Edmund Burke (17291797). On the Sublime and Beautiful. The Harvard Classics. 190914.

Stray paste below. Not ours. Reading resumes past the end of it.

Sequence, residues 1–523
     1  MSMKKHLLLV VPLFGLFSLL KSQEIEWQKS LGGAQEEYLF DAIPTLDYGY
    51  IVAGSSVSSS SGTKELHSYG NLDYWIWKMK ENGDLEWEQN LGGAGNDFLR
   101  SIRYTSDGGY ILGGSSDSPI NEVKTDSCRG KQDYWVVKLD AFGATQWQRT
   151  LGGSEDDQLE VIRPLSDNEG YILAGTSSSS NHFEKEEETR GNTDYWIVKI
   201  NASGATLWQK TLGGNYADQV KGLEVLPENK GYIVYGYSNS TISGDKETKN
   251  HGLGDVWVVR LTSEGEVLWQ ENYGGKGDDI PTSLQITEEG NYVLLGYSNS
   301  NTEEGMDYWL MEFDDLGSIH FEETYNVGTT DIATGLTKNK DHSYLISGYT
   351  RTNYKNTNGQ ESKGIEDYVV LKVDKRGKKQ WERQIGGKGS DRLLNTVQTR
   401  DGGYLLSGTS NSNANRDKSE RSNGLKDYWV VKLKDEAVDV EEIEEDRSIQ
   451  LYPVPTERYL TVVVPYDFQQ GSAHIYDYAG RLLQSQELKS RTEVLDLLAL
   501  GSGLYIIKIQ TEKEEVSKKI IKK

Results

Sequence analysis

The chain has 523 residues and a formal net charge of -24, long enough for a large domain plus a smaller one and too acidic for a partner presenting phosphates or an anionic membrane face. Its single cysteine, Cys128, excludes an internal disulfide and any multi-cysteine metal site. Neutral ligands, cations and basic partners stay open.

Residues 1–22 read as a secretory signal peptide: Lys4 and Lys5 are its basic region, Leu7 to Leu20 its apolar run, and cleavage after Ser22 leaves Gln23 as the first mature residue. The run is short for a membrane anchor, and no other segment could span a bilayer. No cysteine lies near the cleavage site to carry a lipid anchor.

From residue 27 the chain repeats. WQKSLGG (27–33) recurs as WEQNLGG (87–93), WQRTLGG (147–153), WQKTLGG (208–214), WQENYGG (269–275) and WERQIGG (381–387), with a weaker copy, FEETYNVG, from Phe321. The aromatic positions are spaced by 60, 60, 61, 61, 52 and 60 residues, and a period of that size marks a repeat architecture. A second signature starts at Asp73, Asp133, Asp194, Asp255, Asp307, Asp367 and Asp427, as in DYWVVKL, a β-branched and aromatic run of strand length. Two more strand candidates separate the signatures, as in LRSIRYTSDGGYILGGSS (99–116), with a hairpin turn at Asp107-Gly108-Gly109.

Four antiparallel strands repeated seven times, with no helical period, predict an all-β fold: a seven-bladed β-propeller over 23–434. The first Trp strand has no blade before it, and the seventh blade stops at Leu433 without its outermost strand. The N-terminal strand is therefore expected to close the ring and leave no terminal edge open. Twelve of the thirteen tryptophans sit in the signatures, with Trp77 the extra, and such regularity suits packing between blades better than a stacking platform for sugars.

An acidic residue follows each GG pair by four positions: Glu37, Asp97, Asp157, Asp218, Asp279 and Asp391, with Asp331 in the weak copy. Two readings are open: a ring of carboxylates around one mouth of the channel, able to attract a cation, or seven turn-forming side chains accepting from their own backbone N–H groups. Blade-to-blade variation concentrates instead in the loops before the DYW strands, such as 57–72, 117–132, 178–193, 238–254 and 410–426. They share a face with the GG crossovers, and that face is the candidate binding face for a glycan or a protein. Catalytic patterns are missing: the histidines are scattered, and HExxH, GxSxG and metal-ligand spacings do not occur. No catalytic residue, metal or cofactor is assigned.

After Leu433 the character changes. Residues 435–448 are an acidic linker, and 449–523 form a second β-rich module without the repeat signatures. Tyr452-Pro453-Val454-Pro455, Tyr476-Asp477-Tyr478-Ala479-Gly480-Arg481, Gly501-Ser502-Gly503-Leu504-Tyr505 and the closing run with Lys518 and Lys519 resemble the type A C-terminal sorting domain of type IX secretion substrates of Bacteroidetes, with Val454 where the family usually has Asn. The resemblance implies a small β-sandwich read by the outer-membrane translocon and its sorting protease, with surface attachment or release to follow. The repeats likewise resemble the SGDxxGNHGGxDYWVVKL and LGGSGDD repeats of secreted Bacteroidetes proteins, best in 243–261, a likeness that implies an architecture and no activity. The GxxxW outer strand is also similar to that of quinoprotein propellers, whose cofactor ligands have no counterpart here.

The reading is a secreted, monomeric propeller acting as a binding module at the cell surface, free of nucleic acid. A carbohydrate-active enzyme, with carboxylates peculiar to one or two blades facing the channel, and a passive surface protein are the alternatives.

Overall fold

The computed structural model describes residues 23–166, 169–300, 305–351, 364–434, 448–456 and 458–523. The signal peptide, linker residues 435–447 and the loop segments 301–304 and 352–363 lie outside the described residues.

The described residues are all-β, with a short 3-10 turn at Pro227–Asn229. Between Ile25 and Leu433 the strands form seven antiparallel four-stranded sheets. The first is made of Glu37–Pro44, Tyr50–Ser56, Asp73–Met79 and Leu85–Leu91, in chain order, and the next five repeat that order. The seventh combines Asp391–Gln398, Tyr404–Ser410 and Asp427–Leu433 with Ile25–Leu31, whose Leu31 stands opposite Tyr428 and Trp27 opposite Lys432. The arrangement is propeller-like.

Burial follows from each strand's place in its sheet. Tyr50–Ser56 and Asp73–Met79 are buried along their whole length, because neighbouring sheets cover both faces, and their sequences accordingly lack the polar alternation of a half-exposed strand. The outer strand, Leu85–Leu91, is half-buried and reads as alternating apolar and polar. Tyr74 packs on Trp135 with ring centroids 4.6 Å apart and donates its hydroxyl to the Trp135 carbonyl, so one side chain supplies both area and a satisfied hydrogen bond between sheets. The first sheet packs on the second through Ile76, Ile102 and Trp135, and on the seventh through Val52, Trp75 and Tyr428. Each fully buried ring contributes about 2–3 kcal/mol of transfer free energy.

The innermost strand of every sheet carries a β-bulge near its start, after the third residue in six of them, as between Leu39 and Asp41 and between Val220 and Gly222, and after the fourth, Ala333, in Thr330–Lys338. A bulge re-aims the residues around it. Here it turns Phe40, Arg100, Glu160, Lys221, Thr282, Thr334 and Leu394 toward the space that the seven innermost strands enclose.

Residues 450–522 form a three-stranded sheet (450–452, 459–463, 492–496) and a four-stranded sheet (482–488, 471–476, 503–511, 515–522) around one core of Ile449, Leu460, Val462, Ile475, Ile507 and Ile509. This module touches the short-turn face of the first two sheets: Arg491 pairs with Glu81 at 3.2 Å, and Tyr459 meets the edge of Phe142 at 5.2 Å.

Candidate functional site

GREATNESS1 of dimension is a powerful cause of the sublime. This is too evident, and the observation too common, to need any illustration: it is not so common to consider in what ways greatness of dimension, vastness of extent or quantity, has the most striking effect. For certainly, there are ways and modes, wherein the same quantity of extension shall produce greater effects than it is found to do in others. Extension is either in length, height, or depth. Of these the length strikes least; an hundred yards of even ground will never work such an effect as a tower an hundred yards high, or a rock or mountain of that altitude. I am apt to imagine likewise, that height is less grand than depth; and that we are more struck at looking down from a precipice, than looking up at an object of equal height; but of that I am not very positive. A perpendicular has more force in forming the sublime, than an inclined plane; and the effects of a rugged and broken surface seem stronger than where it is smooth and polished. It would carry us out of our way to enter in this place into the cause of these appearances; but certain it is they afford a large and fruitful field of speculation. However, it may not be amiss to add to these remarks upon magnitude, that, as the great extreme of dimension is sublime, so the last extreme of littleness is in some measure sublime likewise: when we attend to the infinite divisibility of matter, when we pursue animal life into these excessively small, and yet organized beings, that escape the nicest inquisition of the sense; when we push our discoveries yet downward, and consider those creatures so many degrees yet smaller, and the still diminishing scale of existence, in tracing which the imagination is lost as well as the sense; we become amazed and confounded at the wonders of minuteness; nor can we distinguish in its effects this extreme of littleness from the vast itself. For division must be infinite as well as addition; because the idea of a perfect unity can no more be arrived at, than that of a complete whole, to which nothing may be added.